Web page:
Children spent a huge amount of time with their friends and peers and the relationship with them have a significant influence on their development.

Photo CC: Joe Urrutia/Nofima

I am Tija Rageliene, an Early Stage Researcher, studying preadolescents, and the influence peers and siblings have on children’s eating behavior. One of the things I want to analyze in my study is if friendship with peers is good for a child’s health. As a trained psychologist, I know well that health is a state of complete physical, mental and social well-being and not merely the absence of disease or infirmity (WHO, 1948). These 3 huge poles are closely related and one can have one without the other. Undoubtfully, good and satisfying relationship with friends and peers are crucial for healthy child development, mental and social well-being. But what about children’s physical health? Can relationships with peers have a significant impact on children’s bodies?

Ludwig Andreas Feuerbach in 1864 wrote “Man is what he eats”, meaning that to be fit and healthy one need to eat good food. Can children be the significant influencers to each other for what they eat and drink, and in turn, have a significant impact for each other’s health? In my research project, I will try to answer at least some of these questions by analyzing the factors of social relationships with peers and siblings and children eating habits and food choice.

Speaking about eating behavior and food choices, there are quite a lot of research showing that peers influence is considerable, both negative (in most cases) and positive. In my second blogpost, I will tell more about some of these studies.

The question is how to shift the influence of pre-adolescents’ friends and peers in a positive direction regarding healthy food choices.

How friends and peers can become significant role models of healthy eating behavior for children so that they want to copy their behavior and in turn become a model for their friends themselves?

How new social norms of preferring healthy food options may be created among adolescents and how they can be encouraged and motivated to follow these norms regarding healthy food consumption?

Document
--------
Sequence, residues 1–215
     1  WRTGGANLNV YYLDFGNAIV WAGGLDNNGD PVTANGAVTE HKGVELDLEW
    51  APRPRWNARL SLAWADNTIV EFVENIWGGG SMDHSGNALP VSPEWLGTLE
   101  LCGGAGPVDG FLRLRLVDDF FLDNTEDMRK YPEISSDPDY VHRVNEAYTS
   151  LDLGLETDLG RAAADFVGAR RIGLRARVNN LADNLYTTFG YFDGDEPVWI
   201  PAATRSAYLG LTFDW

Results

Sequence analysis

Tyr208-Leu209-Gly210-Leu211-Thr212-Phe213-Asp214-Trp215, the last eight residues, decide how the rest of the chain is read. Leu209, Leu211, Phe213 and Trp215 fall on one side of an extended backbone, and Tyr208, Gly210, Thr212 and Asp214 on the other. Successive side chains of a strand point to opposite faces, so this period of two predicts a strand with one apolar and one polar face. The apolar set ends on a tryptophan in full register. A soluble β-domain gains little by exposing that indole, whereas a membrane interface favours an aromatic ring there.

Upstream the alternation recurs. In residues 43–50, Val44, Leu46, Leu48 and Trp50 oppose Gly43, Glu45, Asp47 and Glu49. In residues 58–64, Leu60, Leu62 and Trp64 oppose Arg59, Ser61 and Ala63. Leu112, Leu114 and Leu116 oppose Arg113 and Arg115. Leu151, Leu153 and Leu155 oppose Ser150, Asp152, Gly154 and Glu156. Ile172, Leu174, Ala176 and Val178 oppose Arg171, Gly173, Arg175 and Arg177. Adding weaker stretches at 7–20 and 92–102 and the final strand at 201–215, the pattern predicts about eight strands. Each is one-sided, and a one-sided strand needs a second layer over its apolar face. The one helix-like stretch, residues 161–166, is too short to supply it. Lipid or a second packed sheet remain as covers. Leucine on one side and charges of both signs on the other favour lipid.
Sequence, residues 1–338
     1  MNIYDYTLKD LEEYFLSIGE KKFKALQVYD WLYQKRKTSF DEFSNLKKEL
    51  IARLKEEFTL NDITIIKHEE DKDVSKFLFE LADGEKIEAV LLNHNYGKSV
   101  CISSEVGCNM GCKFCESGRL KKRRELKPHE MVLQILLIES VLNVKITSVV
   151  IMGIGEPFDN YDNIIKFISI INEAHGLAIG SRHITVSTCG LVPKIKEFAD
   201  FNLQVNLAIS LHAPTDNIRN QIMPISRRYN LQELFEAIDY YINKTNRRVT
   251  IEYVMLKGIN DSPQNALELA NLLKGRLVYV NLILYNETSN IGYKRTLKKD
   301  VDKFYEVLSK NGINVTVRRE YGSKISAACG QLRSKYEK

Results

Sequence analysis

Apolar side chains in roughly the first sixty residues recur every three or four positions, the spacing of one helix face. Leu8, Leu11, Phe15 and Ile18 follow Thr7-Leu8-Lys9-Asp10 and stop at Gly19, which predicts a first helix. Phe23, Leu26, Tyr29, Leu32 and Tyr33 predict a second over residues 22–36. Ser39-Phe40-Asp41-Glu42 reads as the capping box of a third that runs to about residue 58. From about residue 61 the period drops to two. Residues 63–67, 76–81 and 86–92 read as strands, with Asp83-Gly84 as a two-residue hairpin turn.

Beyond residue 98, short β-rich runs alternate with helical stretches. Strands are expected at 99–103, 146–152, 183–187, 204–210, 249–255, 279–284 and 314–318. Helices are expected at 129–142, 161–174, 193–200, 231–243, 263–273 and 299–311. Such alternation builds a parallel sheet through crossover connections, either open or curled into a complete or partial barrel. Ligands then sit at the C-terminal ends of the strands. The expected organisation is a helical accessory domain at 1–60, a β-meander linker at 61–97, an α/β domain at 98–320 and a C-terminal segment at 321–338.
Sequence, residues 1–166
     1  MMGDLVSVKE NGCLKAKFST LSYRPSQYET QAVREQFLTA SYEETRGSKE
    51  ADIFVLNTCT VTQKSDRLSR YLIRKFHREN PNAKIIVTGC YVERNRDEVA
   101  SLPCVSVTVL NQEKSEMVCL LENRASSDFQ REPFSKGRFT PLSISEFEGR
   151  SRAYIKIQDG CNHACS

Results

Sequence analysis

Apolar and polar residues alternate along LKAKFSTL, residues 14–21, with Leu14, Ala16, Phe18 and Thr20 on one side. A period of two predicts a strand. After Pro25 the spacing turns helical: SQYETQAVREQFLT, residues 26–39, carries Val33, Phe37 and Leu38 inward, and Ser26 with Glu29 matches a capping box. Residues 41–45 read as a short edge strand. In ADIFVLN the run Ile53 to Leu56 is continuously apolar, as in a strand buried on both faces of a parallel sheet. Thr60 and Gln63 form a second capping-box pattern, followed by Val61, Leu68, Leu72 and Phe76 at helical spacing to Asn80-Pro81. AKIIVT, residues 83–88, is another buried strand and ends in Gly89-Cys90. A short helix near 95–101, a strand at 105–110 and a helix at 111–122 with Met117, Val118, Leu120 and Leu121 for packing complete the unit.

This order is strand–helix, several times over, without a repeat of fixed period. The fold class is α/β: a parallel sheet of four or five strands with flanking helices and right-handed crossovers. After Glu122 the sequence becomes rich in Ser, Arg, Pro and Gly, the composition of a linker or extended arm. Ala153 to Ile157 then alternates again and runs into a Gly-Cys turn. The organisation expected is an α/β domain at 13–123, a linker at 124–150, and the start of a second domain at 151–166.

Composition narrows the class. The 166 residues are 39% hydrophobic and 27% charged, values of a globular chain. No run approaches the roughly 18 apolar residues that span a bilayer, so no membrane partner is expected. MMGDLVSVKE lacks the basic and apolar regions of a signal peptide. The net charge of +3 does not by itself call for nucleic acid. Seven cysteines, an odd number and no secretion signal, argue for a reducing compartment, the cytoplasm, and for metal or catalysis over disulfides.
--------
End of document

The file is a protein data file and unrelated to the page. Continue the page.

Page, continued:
Maybe a good start point may be to consider developing strategies to engage friends to promote adolescents’ healthy dietary behaviors through modern theory-based interventions, which may be probably more effective if they would aim both at promoting healthy eating and at decreasing unhealthy eating at the same time.

One of the modern ways to reach nowadays children and adolescents may be technologies. Contemporary youth are sophisticated “technology natives” (Whitehouse, 2013). The use of mobile devices increases especially into adolescence, with most of the teenagers having their own smartphone and using them regularly on the daily basis. Therefore, using mobile phone applications in order to promote children and adolescent health-related behaviors may be an effective intervention strategy. It is necessary to find new modern and more effective ways of encouraging and empowering children on healthy eating behavior and develop an intervention strategy that covers the important factors of children’s social relationships with friends and peers.


Concerning Spiritualism and Materialism, Essay.1863/4, Ludwig Andreas Feuerbach

Preamble to the Constitution of WHO as adopted by the International Health Conference, New York, 19 June – 22 July 1946; signed on 22 July 1946 by the representatives of 61 States (Official Records of WHO, no. 2, p. 100) and entered into force on 7 April 1948. The definition has not been amended since 1948.

Whitehouse, S. R., Lam, P. Y., Balka, E., McLellan, S., Deevska, M., Penn, D., . . . Paone, M. (2013). Co-Creation With TickiT: Designing and Evaluating a Clinical eHealth Platform for Youth. JMIR Res Protoc, 2(2), e42. doi:10.2196/resprot.2865


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